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Illegal Edward Snowden Statue Replaced With Hologram Monument

An Edward Snowden tribute grows in Brooklyn.

image via The Illuminator/Facebook

National Security Agency whistleblower Edward Snowden was the recipient of not one, but two artistic tributes in Brooklyn this week.

For a short period on Monday morning, Fort Greene Park’s Prison Ship Martyrs Monument was home to a four-foot-tall, 100-pound bust of Snowden, perched atop one of that fixture’s stone pillars. The bust, reports AnimalNY, was the brainchild of two anonymous New York artists who had spent the past year planning their guerilla installation. In an artist’s statement, quoted in AnimalNY, they write:

“...It would be a dishonor to those memorialized here to not laud those who protect the ideals they fought for, as Edward Snowden has by bringing the NSA's 4th-Amendment-violating surveillance programs to light. All too often, figures who strive to uphold these ideals have been cast as criminals rather than in bronze

Our goal is to bring a renewed vitality to the space and prompt even more visitors to ponder the sacrifices made for their freedoms. We hope this inspires them to reflect upon the responsibility we all bear to ensure our liberties exist long into the future.”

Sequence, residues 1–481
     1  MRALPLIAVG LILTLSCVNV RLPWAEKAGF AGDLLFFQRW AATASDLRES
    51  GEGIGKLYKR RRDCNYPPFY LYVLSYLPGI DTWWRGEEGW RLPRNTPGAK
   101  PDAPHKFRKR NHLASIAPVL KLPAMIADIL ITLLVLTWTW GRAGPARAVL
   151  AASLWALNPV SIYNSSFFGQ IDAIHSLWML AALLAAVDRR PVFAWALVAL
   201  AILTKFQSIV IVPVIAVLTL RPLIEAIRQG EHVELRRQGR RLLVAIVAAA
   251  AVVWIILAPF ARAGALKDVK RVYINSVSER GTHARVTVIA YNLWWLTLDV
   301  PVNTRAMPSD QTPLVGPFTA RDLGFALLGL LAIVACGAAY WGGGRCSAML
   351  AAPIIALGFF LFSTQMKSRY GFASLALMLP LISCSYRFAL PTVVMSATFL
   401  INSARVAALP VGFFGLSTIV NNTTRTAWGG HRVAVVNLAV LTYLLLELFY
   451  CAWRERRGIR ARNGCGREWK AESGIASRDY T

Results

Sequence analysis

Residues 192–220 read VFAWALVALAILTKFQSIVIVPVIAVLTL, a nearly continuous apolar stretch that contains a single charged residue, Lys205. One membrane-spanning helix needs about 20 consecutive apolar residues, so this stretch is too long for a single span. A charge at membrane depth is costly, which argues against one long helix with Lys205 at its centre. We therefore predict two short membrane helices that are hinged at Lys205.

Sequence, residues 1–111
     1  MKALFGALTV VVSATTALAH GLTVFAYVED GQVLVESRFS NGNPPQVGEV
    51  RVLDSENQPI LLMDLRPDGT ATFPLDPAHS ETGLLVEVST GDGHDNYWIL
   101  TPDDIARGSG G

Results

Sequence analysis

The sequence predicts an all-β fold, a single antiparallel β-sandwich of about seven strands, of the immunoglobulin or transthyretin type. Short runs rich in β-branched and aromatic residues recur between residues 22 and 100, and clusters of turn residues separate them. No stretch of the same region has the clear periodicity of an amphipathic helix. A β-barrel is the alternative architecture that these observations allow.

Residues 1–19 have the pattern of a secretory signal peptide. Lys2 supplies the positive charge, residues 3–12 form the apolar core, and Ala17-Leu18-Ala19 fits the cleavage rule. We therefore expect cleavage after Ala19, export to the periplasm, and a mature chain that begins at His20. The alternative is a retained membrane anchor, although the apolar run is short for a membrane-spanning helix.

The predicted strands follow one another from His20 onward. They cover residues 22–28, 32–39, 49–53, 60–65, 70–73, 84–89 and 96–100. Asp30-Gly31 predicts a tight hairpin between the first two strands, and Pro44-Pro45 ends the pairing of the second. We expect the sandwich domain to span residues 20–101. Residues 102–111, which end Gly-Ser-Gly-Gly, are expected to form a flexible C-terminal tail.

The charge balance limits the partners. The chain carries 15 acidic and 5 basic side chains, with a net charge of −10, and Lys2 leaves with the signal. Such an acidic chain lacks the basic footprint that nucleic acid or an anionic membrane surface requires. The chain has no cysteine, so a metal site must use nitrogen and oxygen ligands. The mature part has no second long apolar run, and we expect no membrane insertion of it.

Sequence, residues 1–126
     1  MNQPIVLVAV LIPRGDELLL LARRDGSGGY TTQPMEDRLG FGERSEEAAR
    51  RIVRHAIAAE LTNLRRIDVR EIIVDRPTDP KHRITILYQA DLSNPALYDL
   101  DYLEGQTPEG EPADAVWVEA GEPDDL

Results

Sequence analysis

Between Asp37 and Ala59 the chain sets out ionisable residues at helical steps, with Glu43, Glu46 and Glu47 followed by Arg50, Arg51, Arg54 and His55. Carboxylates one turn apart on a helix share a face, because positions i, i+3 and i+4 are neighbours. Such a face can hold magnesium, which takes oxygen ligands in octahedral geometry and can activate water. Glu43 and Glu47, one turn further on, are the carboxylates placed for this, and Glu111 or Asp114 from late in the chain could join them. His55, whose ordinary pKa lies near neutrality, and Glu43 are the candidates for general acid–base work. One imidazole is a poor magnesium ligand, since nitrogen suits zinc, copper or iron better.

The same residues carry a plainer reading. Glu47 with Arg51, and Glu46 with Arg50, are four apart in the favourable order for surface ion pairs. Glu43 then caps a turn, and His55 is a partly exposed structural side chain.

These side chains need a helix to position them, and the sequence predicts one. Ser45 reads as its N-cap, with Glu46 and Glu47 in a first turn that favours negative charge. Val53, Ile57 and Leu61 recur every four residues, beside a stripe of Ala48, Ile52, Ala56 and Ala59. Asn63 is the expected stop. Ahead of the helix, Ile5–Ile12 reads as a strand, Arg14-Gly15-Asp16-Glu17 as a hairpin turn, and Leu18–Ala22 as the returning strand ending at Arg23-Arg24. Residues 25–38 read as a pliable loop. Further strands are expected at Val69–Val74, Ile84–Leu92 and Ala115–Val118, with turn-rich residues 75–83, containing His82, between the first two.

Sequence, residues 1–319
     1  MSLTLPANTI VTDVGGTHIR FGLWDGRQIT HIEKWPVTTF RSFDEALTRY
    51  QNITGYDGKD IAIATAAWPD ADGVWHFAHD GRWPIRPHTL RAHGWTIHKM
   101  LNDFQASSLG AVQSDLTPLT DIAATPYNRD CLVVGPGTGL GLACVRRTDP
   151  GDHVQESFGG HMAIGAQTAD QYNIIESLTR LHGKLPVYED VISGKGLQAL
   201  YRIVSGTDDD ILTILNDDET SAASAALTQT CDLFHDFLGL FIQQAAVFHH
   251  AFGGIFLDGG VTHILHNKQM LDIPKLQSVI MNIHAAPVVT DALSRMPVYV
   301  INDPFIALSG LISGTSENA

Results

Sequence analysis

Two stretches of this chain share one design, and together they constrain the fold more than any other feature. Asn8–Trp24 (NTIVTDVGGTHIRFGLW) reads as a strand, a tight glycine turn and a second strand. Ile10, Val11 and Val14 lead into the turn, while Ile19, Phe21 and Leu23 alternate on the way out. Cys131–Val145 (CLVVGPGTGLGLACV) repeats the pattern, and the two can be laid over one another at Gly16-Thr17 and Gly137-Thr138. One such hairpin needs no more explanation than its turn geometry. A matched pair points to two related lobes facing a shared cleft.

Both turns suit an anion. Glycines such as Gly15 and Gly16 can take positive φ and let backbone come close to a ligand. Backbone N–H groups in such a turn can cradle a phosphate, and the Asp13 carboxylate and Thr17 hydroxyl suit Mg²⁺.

Here’s a look at the unnamed artists erecting their tribute:

Since this was an entirely unsanctioned installation, park officials were quick to remove the bust, first covering it with tarp, and later taking it down entirely.

Not to be outdone, a second group returned to the on-off memorial site that same evening. These activists, part of The Illuminator Art Collective, weren’t hauling bronze (or, actually, hydrocal, the sculpting material reportedly used to make first bust) but rather a fog machine and a high-powered projector. The goal? To recreate the Snowden sculpture using nothing but light and smoke.

image via The Illuminator/Facebook

image via The Illuminator/Facebook

image via The Illuminator/Facebook

The Illuminator Art Collective has its origins in the 2011 Occupy Wall Street movement, reportedly receiving an initial financial donation from Ben And Jerry’s Ice Cream co-founder Ben Cohen. As a 2014 WNYC profile on the group explains, they have since gone on to lend their projection-based form of artistic protest to a number of other causes.

In a Facebook note titled “The Ghost Of Edward Snowden,” the Collective writes:

Inspired by the actions of these anonymous artists, [behind the original Snowden bust] The Illuminator Art Collective recreated the intervention ephemerally by projecting an image of the sculpture into a cloud of smoke. Our feeling is that while the State may remove any material artifacts that speak in defiance against incumbent authoritarianism, the acts of resistance remain in the public consciousness. And it is in sharing that act of defiance that hope resides.

Assuming you feel Edward Snowden is deserving of a tribute in the first place, it could be argued that a hologram is better suited for the job than traditional sculpture. Snowden is, after all, famous for having revealed to the world a uniquely modern form of surveillance. A uniquely modern monument, therefore, seems fitting.

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